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Water, Air, & Soil Pollution

, Volume 223, Issue 2, pp 847–862 | Cite as

Foliar Damage, Ion Content, and Mortality Rate of Five Common Roadside Tree Species Treated with Soil Applications of Magnesium Chloride

  • Betsy A. GoodrichEmail author
  • William R. Jacobi
Article

Abstract

Sensitivity to magnesium chloride (MgCl2) was assessed on five common roadside tree species by maintaining soil concentrations at 0-, 400-, 800-, or 1,600-ppm chloride via MgCl2 solution over four growing seasons. Evaluations of growth, leaf retention, foliar damage, and ion concentrations were conducted. Water potentials were measured on two species. Foliar chloride and magnesium concentrations were positively correlated with foliar damage in all species. Conifers exhibited mild damage during the first growing season but moderate to severe damage during the first winter and second growing season. The two highest MgCl2 treatments caused leaf loss, severe damage, or mortality of Douglas-fir, lodgepole, and ponderosa pines after two seasons of treatments and of limber pine after four seasons. Aspen also displayed foliar damage and crown loss but abscised damaged leaves and flushed asymptomatic leaves throughout the growing seasons. The highest treatment caused mortality of aspen in 4 years. Approximately 13,000–17,000-ppm foliar chloride was associated with severe damage in conifers but ranged from 13,000- to 33,000-ppm in fully necrotic leaves. Aspen foliage contained the highest concentrations of chloride (24,000–36,000-ppm), and limber pine leaves had the lowest (<14,200-ppm). Although MgCl2 caused reductions in leaf water potential, aspen and ponderosa pine did not appear to be under substantial moisture stress and continued to take up ions. Mortality of common roadside tree species in 2 to 4 years can occur due to high MgCl2 soil concentrations, and transportation officials should consider these implications in their management plans.

Keywords

Foliar ion concentrations Moisture stress Salt stress Road salt Dust control Salinity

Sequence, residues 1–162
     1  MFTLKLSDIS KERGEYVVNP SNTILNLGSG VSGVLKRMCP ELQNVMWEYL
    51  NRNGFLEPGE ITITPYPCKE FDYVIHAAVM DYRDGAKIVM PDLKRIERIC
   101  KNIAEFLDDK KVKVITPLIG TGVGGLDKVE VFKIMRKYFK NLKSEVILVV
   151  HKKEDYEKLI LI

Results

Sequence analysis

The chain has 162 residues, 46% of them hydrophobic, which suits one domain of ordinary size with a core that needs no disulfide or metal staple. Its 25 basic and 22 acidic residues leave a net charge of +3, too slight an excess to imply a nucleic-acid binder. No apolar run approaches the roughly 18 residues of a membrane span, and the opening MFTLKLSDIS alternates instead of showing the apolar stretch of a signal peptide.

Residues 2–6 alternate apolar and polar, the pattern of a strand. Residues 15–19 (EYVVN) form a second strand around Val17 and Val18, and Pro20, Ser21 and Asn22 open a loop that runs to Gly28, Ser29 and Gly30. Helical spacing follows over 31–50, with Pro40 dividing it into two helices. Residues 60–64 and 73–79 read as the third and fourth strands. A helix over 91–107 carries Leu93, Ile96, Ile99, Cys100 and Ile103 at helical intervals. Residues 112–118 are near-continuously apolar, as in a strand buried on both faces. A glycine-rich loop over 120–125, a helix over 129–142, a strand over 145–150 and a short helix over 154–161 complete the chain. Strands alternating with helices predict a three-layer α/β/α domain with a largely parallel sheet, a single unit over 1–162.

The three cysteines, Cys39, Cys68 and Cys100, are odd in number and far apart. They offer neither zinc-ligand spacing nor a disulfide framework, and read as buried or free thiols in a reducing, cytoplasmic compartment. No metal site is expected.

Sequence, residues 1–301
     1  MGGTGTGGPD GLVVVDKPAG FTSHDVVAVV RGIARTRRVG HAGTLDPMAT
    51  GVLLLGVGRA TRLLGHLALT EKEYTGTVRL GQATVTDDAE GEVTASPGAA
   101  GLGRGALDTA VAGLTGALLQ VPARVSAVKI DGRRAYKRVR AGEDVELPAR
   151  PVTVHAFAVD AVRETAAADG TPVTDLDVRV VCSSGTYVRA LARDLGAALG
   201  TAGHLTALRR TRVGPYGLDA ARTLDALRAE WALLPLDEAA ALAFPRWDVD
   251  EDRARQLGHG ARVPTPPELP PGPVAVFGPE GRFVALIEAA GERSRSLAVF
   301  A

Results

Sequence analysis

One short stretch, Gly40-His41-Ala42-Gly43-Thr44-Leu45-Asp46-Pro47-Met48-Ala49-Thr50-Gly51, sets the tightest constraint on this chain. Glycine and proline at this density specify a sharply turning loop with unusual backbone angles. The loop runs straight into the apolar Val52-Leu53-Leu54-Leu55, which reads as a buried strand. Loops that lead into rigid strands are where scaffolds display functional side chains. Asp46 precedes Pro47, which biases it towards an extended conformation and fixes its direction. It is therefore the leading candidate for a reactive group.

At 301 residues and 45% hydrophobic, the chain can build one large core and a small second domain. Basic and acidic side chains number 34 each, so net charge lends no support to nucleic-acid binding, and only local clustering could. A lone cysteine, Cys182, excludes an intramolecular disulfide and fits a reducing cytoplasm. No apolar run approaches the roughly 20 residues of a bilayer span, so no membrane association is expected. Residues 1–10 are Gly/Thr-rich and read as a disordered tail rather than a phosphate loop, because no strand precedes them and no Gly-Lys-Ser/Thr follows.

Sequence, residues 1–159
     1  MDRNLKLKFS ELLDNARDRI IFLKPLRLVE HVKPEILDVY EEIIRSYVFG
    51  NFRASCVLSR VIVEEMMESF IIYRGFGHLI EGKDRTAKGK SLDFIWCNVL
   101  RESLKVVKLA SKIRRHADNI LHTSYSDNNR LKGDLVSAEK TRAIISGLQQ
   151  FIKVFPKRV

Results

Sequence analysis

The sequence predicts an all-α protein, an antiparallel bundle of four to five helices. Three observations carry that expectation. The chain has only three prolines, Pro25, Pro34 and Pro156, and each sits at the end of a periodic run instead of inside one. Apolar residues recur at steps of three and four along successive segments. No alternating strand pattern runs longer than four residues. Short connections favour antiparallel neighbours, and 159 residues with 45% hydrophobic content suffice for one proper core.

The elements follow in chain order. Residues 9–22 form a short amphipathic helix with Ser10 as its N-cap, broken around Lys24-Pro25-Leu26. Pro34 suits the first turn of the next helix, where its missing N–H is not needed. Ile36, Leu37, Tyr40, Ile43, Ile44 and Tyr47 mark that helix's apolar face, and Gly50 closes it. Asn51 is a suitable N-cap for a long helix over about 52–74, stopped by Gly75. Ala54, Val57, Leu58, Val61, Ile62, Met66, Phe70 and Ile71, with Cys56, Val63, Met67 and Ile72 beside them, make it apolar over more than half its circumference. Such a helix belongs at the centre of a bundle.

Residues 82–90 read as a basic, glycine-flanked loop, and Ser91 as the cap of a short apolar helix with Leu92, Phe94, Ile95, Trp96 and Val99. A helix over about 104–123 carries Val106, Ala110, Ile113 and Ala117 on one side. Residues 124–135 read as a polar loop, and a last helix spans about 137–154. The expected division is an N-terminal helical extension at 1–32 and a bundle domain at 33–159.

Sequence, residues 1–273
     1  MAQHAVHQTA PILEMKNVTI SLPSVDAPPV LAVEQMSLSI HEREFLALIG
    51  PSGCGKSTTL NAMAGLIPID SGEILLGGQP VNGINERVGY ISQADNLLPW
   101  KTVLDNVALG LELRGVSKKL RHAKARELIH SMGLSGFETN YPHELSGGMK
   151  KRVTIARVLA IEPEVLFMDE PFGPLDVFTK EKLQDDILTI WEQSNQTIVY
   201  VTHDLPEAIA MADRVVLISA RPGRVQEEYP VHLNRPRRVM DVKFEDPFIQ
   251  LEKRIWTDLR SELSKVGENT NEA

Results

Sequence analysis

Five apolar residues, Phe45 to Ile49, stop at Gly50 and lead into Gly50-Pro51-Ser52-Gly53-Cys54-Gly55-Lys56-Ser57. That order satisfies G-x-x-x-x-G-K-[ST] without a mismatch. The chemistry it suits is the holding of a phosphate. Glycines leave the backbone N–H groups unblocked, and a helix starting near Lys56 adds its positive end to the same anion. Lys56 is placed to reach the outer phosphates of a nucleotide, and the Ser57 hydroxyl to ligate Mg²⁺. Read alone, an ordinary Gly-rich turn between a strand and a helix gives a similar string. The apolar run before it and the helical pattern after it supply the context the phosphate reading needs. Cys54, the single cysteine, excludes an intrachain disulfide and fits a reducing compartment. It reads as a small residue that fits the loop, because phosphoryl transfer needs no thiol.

Notes

Acknowledgments

This research was primarily funded by the Larimer County Road and Bridge Department and through the John Z. Duling Grant from The Research & Education Endowment (TREE) Fund (formerly the International Society of Arboriculture Memorial Research Trust). The Colorado Association of Road and Bridge Engineers (CARSE) and the Colorado Agricultural Experiment Station also provided assistance. We thank Dale L. Miller of Larimer County Road and Bridge Department for project support. We thank Jim Zumbrunnen, Center for Applied Statistical Expertise at Colorado State University for statistical consultation. Thanks to Ronda Koski, Jennifer Klutsch, Jim Morrow, Sadie Skiles, Katharine Slota, and Angela Hill for assisting in tree planting, MgCl2 treatments, and tree measurements for this study. We appreciate the careful and helpful reviews from Dr. James Worrall, USFS; Dr. Cecil Stushnoff, CSU; and Dr. Howard Schwartz, CSU on an earlier version of this manuscript.

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Copyright information

© Springer Science+Business Media B.V. 2011

Authors and Affiliations

  1. 1.School of ForestryNorthern Arizona UniversityFlagstaffUSA
  2. 2.Department of Bioagricultural Sciences & PestManagement, Colorado State UniversityFort CollinsUSA

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